Your Preparation Guide for Myanmar Travel
Part 1: Safety and Preparation for Myanmar
Myanmar (Burma) has recently become more accessible for the average traveler. While it shares the border with Thailand, it is important to prepare for the differences between the two. Traveling in Myanmar is not like travelling anywhere else in Southeast Asia. To make the most of your time there, it is key to have a basic itinerary and a list of places where you plan on staying. As Myanmar is still in the midst of developing a tourism infrastructure, if one is not prepared, your relaxing vacation could easily turn into a logistical nightmare.
Prepping for your trip
1. Don’t forget the visa
It takes about one week to get one and there is no expedited service. Myanmar is the one place that I would recommend investing in a travel guidebook, as Internet access is basically nonexistent there. Also, as it isn’t too touristy in Myanmar yet, the places recommended are actually good places.
2. Bring more cash than you’ll need
Bring enough money in cash for the entire trip, and know the exchange rate before you arrive. If you can, try to exchange some money before you arrive, though it is unlikely that an international bank will carry the Burmese Kyat. This might sound like insanely unsafe advice, but Myanmar has just started building an ATM/credit card acceptance infrastructure, and even that is located only in Yangon at this time, so not bringing cash means risking being stranded without any means to access your money or credit cards.
3. Obtain pristine USD
USD must look brand new to be easily accepted. One of my $20 bills had a slight creased corner, and no one would accept the money–not even the currency exchange rate business. However, Burmese people are very willing to accept international currency.
4. Bring malaria pills and bug spray
Malaria is the best way to ruin any trip. Take precautions, especially if you are going to be traveling up north, to Bagan or Inle Lake.
5. Invest in Lonely Planet
In Myanmar, the Lonely Planet is your best friend. I have never used the Lonely Planet in any of my Southeast Asian travels, and so when I traveled to Myanmar, I didn’t buy one. This was one of my more foolish choices, however, luckily, I had a wiser travel friend who brought the guidebook along. Without it, we would have been lost.
6. Book your hotel/hostel ahead of time
To some travelers, this might seem like obvious advice, but for the spontaneous backpacker, this is a crucial difference between the rest of Southeast Asia and Myanmar. In Myanmar, there currently aren’t enough hotels and hostels for the new wave of tourists, meaning that to ensure lodging, one has to plan ahead of time. Furthermore, Myanmar customs requires a hotel and address for your stay in Myanmar upon arrival. Plan to spend more money on hotels/hostels/food in Myanmar than in Thailand. As there is more demand and less supply, travel costs are easily double. When I was there, we paid $40 USD a night for a room, instead of $18 USD in Thailand.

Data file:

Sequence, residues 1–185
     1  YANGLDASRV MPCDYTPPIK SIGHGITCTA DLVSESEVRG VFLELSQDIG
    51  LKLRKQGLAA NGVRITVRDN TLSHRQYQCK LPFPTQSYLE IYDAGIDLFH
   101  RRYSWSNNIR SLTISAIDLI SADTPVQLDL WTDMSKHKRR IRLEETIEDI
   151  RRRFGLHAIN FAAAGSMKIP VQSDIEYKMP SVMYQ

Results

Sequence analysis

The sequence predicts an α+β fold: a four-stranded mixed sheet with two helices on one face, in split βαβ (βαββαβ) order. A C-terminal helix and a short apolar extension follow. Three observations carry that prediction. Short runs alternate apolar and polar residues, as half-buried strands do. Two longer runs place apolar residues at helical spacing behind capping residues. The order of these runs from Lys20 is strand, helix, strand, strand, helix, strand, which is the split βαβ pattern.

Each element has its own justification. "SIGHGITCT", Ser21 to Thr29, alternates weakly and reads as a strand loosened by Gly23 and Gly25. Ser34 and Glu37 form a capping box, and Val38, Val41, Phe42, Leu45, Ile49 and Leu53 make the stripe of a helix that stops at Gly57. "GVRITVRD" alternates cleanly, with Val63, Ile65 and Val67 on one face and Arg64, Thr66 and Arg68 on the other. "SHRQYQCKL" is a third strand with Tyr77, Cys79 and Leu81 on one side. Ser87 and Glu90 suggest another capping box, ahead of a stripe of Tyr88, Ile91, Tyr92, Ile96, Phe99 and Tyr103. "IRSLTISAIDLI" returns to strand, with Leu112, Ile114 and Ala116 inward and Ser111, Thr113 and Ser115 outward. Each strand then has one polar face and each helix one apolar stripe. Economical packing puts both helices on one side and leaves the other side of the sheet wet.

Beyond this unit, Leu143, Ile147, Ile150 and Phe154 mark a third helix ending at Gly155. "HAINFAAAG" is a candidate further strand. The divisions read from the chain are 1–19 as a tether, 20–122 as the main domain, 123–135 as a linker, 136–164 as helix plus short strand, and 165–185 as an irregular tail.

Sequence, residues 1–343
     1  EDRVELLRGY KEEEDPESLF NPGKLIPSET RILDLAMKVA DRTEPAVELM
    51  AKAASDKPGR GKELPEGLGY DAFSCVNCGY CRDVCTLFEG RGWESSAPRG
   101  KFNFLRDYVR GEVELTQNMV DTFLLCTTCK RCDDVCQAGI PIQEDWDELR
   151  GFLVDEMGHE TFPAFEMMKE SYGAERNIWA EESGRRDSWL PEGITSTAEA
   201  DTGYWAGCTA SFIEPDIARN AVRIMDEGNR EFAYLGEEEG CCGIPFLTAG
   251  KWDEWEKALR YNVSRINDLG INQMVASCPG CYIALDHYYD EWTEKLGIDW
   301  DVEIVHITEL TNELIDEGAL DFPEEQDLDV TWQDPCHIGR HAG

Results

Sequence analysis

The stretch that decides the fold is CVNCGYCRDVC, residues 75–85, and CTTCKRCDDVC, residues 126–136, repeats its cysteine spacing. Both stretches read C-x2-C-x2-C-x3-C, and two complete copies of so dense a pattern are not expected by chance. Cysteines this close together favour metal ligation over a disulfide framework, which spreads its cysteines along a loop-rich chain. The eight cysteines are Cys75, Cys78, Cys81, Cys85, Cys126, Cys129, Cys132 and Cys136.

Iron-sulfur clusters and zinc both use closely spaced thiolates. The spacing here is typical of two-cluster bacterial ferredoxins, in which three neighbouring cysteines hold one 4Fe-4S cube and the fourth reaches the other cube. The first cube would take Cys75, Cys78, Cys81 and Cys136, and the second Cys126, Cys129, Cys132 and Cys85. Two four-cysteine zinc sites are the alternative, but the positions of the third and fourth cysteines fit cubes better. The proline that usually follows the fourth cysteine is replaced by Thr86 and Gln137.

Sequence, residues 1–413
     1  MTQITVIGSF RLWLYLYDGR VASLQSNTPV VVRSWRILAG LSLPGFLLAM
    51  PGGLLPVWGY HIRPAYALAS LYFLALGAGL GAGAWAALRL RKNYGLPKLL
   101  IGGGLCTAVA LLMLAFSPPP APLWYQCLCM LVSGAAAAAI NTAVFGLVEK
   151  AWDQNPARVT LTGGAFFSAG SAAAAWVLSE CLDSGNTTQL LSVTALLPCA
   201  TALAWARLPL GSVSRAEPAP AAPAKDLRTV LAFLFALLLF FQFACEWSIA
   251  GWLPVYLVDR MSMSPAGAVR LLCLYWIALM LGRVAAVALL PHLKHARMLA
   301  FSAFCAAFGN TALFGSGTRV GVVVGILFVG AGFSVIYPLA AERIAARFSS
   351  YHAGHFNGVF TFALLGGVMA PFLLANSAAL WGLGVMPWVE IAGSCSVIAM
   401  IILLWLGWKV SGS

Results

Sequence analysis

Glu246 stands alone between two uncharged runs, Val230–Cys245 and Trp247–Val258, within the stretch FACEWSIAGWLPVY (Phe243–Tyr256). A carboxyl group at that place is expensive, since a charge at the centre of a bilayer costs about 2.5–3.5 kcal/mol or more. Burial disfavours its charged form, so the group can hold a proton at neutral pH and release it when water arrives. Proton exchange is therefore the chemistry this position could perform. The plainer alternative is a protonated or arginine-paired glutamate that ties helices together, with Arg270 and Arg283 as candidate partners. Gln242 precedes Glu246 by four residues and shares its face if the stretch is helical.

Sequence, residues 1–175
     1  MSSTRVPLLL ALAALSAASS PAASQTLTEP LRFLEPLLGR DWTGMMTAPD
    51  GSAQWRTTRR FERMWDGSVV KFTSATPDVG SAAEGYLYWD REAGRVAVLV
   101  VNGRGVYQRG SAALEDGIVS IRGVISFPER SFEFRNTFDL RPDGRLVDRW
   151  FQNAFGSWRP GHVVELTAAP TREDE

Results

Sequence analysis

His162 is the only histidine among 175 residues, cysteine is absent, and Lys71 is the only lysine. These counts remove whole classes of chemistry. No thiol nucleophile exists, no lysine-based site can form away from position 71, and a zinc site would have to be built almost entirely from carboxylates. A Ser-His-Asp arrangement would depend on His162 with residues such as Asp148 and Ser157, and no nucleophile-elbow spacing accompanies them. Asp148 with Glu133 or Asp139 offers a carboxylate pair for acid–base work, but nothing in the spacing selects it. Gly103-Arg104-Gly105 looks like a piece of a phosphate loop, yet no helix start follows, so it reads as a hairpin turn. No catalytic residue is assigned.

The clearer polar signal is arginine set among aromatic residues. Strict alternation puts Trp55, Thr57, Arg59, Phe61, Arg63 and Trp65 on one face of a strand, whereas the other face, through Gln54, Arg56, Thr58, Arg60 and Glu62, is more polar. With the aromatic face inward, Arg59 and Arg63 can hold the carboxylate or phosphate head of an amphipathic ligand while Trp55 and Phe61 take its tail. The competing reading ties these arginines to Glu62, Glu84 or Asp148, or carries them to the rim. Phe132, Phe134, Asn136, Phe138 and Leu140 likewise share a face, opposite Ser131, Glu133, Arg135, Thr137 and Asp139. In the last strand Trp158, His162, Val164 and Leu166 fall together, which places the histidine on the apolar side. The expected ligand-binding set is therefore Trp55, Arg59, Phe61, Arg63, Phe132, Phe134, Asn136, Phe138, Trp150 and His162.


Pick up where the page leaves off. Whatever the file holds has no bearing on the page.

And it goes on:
In-Country Safety Precautions:
1. Don’t call Myanmar “Burma” while in the country.
You can, however, say, Burmese people and Burmese food.
2. There are armed soldiers on every block in Myanmar.
Do smile at them (they’ll smile back), but don’t talk to them. It can get them in trouble if their superiors find out. If you decide to go to Aung San’s house or any of her father’s memorials, take a bike and go alone. Don’t ask a cab driver to take you there. It will make him uncomfortable and will most likely get him in trouble.
One can travel by bus, airplane or train throughout Myanmar. All entail a reflection on your priorities in life. What is more important, safety or speed? Not supporting a military junta or comfort?
Pros: Cheap, and supports privately owned companies. The buses are timely and efficient.
Cons: The most prolonged, terrifying experience of my life. Ten hours of driving on a twisting, steep incline at breakneck speeds sandwiched between mountains and cliffs on the sides, and two other buses in front and behind. One wrong turn, and the entire bus would have veered off the road and plunged down the cliff to our demise.
Pros: Reasonably priced, supports private companies (not owned by members of the military junta.) It was my first time on a dual-propeller plane, and it flew low enough to the ground to give us an amazing view of the famous Irrawaddy River.
Cons: I didn’t sleep the night before, dreading the one-hour flight that turned out to be fine. The motto for the airplane was, “You’re safe with us.” As that seemed like a strange thing to reassure people of, I researched and found the company’s substantial history of airplane accidents and safety complaints.
Pros: Nice trains, and safe. I didn’t take any trains, as I tried to not support the military junta during my time there.
Cons: Slow, very slow. Also, the trains are owned by military junta members, which will not earn you any favors with other travelers or the locals.